The council resolution, voted in August and in effect from October, saw 19 council members voting to reduce the funding. Two council members abstained.
The budget cut, down to B19.8 million per year, is to remain in effect annually for three years.
“It is not worth paying B22 million for Phuket lifeguards,” PPAO Acting Chief Watcharin Patomwatthanapong told The Phuket News.
“We planned to reduce the budget by cutting unnecessary things out. We will also give hotels the chance to support the lifeguards in providing beach safety,” he said.
However, Mr Watcharin gave no definition of what was deemed “unnecessary”.
According to the announcement on the PPAO website, “The purpose of this project is is to boost people’s confidence in safety, defence and to protect tourists from loss or death.”
“I believe hotels will provide staff to support lifeguards on the beaches. Then we will have extra staff for tourists’ safety,” Mr Watcharin explained.
“It is a chance for hotels to be responsible and take care of their own guests as we join together to provide for their safety,” he added.
However, the PPAO has yet to clarify why the hotels would pay out of pocket to support lifeguards further when they already funded the lifeguard budget through the “Hotel tax” of 1% of each room rate charged at every registered hotel in the province.
As far back as 2004, the PPAO raked in B44 million in hotel tax collections, with only 214 hotels on the island paying contributions – far fewer than half the number of hotels in Phuket even at that time.
Worse, only last month did Russian tourist Petr Agapov, 57, drown at a section of at Bang Tao Beach where lifeguards are not allowed to patrol because a hotel its has own staff looking after surf safety. (See story here.)
In August, French national Anne Sophie Faisant Torrijos, 23, drowned at a small beach south of Nai Thon where lifeguards are asked not to patrol the waters to keep tourists safe. (See story here.)
As is government protocol, the contract of B19.8mn to provide lifeguard services will be offered for public tender. However, so far no organisation other than the Phuket Lifeguard Service has even deemed the previous budget of B22mn worth even submitting a bid for.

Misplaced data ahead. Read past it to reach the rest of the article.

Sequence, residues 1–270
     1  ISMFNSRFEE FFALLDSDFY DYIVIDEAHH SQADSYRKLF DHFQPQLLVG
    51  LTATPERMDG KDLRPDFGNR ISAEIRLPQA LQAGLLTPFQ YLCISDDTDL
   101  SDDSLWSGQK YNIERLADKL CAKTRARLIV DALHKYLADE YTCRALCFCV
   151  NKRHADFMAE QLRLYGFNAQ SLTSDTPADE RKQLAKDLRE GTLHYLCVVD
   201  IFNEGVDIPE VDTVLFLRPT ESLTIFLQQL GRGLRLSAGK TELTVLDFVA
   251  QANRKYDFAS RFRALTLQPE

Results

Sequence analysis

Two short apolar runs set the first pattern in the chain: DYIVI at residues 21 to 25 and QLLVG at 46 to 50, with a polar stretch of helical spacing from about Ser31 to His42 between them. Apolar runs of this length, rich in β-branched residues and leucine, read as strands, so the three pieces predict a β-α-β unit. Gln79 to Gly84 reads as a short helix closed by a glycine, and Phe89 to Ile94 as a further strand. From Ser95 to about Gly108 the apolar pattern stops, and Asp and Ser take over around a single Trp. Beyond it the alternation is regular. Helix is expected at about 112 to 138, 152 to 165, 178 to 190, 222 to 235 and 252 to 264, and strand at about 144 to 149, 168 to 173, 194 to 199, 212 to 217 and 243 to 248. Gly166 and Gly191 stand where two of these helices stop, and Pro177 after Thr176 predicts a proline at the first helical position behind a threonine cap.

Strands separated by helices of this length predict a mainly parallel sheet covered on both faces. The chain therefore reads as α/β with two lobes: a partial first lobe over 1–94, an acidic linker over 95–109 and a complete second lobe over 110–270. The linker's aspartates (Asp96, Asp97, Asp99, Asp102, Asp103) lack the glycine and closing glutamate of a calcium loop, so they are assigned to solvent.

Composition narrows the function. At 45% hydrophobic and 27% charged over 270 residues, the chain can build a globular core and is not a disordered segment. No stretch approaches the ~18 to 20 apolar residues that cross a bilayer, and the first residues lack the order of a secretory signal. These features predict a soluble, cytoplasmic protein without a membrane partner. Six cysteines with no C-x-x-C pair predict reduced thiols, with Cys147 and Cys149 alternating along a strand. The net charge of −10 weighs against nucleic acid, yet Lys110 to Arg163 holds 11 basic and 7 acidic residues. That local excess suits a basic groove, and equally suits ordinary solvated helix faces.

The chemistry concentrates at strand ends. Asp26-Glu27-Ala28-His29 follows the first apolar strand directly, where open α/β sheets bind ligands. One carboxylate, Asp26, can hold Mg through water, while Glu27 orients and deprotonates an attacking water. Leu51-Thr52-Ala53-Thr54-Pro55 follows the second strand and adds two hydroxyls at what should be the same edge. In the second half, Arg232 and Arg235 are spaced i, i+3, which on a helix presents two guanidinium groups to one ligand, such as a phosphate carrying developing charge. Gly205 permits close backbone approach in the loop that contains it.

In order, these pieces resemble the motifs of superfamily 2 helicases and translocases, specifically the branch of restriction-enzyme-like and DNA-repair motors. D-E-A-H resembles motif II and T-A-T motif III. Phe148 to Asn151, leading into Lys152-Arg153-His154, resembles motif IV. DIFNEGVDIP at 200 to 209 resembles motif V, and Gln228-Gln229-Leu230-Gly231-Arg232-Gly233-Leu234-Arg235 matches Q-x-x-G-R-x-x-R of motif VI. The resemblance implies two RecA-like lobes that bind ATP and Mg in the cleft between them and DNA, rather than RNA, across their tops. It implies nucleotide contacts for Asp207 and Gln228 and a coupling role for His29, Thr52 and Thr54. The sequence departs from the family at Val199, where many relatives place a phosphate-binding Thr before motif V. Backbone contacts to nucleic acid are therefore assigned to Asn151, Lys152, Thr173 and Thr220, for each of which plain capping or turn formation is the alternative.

With the budget slashed, PLS President Prathaiyut Chuayuan this week told The Phuket News that he was uncertain whether his lifeguards will want to bid for the contract, a decision that would throw into jeopardy having lifeguards stationed at 38 points on 12 beaches on the island.
“I was surprised to learn that the PPAO cut the budget by 10%, and I didn’t know until I heard it on the radio,” he said.
“I have no idea what made them cut the budget, and we have to consider whether or not to bid for the contract at all,” he added.
Although some hotels already support lifeguards, the budget also pays for the watchtowers, such as the one that collapsed on Karon Beach earlier this year (see story here), and for free surf survival training for children (see story here).
Patong Mayor Chalermluck Kebsup said that she is taking the news very seriously.
“We are really concerned about tourist safety. I will be raising this issue with my staff this week,” she told The Phuket News on Tuesday (Dec 6).
“Patong Beach is more than three kilometres long and there are only three lifeguard stations now, but there are easily more than 1,000 tourists on the beach. During the high season, the number of tourists on the beach is much higher than that,” she said.
“We must come up with a solution, even if we need to find another way to come up with the budget needed ourselves,” Mayor Chalermluck said.
Meanwhile, Ma-ann Samran, Chief of the Cherng Talay Tambon Administration Organisation (OrBorTor), declined to comment.
Cherng Talay OrBorTor is the local authority responsible for Surin Beach, which is renowned for its deadly surf during the southwest monsoon from May through October each year.
“It is not my responsibility to comment,” he said.